View More View Less
  • 1 Institute for Literary Studies Hungarian Academy of Sciences H-1118 Budapest Ménesi út 11-13 Hungary H-1118 Budapest Ménesi út 11-13 Hungary
Restricted access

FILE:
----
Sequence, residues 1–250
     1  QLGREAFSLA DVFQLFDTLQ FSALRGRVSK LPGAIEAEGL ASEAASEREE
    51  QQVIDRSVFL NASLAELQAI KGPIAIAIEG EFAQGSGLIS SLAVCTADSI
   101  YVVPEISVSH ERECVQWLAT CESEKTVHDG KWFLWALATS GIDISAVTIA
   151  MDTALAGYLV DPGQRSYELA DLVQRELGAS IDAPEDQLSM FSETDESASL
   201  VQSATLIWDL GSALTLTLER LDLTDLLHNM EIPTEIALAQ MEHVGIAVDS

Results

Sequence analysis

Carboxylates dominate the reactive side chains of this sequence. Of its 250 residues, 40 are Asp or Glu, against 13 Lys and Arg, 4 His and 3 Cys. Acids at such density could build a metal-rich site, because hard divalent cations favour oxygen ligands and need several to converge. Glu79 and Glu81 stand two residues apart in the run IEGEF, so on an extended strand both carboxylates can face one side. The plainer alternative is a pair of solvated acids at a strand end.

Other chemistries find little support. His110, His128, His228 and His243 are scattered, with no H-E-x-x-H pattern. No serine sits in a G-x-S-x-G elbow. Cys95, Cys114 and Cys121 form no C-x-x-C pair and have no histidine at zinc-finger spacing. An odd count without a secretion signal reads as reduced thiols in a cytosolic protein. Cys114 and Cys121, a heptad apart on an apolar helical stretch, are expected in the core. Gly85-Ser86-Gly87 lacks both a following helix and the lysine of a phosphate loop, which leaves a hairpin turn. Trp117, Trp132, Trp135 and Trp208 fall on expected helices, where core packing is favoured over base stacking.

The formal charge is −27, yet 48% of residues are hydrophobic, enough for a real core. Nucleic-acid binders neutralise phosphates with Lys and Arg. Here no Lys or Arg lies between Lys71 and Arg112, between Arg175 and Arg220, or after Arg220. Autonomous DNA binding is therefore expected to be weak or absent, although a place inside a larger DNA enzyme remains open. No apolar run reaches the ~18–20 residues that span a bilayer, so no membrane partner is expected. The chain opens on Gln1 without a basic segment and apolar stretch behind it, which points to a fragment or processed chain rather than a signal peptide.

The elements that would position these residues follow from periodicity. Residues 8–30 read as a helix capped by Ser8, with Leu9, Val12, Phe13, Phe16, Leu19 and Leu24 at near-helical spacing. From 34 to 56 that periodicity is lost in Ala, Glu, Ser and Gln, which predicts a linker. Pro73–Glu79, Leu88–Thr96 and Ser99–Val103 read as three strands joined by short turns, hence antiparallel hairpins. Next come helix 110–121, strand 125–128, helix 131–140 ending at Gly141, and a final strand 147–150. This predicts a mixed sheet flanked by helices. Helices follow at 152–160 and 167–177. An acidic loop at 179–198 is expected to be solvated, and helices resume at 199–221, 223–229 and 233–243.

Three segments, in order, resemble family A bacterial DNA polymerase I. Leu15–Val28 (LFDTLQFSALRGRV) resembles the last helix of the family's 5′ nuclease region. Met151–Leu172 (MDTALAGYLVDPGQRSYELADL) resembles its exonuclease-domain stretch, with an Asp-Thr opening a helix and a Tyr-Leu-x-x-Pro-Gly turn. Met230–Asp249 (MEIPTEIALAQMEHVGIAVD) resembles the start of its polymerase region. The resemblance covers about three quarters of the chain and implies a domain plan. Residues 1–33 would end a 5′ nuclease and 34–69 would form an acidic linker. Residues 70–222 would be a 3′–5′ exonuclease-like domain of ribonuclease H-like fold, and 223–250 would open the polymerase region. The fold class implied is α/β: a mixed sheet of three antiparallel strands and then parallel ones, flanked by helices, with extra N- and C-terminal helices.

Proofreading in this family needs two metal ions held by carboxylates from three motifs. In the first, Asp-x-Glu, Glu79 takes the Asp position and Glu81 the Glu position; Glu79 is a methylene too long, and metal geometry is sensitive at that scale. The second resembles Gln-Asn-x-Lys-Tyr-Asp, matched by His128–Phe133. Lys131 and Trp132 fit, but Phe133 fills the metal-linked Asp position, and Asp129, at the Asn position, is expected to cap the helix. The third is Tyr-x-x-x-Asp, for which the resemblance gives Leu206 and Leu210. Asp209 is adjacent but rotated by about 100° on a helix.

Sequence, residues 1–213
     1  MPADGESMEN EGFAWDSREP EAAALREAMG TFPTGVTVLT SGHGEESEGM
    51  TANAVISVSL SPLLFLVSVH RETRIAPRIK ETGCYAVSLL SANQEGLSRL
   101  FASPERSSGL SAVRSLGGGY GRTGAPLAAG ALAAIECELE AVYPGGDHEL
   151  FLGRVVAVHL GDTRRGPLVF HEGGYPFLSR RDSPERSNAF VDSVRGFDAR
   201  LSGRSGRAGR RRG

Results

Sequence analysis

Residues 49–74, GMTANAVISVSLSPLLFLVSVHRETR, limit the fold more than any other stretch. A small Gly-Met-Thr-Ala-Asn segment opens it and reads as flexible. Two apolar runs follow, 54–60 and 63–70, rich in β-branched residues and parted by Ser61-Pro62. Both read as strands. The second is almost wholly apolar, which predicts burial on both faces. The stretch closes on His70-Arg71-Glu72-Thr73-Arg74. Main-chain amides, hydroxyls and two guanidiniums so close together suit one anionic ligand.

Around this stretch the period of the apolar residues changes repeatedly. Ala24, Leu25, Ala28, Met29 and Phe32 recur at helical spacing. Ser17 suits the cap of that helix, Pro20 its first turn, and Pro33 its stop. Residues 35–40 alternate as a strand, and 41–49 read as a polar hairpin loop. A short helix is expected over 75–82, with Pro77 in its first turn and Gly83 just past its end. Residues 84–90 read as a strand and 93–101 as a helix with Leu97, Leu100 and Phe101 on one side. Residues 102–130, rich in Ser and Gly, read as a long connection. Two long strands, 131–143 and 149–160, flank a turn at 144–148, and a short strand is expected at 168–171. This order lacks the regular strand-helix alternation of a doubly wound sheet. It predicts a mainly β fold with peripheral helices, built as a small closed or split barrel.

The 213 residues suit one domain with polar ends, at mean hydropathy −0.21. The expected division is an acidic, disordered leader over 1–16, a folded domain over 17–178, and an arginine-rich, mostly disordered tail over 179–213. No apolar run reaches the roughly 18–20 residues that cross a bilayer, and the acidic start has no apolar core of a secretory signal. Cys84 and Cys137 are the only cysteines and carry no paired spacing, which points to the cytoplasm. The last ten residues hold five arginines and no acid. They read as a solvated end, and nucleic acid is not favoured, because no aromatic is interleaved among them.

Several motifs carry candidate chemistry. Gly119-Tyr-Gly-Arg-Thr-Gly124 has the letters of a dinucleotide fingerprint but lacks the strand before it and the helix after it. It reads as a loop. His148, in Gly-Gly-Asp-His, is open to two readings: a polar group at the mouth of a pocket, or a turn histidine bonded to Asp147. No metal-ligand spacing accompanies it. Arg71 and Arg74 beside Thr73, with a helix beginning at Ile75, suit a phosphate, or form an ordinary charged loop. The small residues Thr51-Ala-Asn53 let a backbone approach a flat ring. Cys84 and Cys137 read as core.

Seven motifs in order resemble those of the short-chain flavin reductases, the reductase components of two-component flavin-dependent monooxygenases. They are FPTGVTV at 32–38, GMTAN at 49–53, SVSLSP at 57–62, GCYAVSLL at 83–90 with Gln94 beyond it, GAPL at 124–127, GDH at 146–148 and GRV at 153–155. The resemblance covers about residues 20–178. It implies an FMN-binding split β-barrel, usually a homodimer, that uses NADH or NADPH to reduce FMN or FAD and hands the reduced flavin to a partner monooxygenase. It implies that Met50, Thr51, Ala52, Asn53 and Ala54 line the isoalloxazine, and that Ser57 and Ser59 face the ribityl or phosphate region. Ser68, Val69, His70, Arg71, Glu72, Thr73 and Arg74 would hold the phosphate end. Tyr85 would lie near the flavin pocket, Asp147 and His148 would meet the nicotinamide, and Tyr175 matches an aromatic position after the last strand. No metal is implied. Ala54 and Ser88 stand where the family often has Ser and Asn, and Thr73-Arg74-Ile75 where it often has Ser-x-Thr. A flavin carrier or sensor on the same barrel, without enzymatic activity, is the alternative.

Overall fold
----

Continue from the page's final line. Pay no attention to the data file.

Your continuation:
Unity is so usual a requirement in criticism of the novel that it rarely seems to need any justification or foundation. On the other hand, the ideal interpretation seems to be an interpretation that is able to account for every part of a piece of literature in its relation to every other part and to the whole, i.e., one which can demonstrate the perfect unity of the work. Theoreticians usually admit that due to the resistance of the literary text such ideal interpretation is practically impossible. The first theoretical explanation of the requirement for unity appeared in Aristotle's Poetics, where it discussed the unity of the plot. In nineteenth-century criticism of the novel the Aristotelian heritage had two derivatives, the dramatic unity of the plot and a thematic unity of a philosophical teaching. Unity may be considered as the western reader's projection rather than an intrinsic value of the text. The reader, who has learned his reading strategies from a critical system based on Aristotle's approach to the drama, wants to receive a complete and coherent worldview, and thus he reads a literary text with the presupposition that it constitutes a unitary whole. Wolfgang Iser's theory of reading may also support this hypothesis. In his concept, however, perfect understanding, or the understanding of a work as a unity, is impossible because what makes the reading of a piece of fiction an aesthetic experience is that it is theoretically impossible to form a total consistency. On the basis of the insight that readers can develop only partial consistency, different critiques offer various ways of approaching the problem: (1) totalizing the partial consistency by eliminating or disregarding all the inconvenient elements; (2) abandoning our quest for unity and enjoying our mental strength in facing nothingness; (3) realising the possibility that texts do contain several incompatible unifying patterns. Although I think the time has come to say goodbye to the requirement of unity, at the end of the paper I will raise the question of whether a dialogic approach to literature is able to manage a model based on the co-existence of several incompatible entities within a non-unitary text?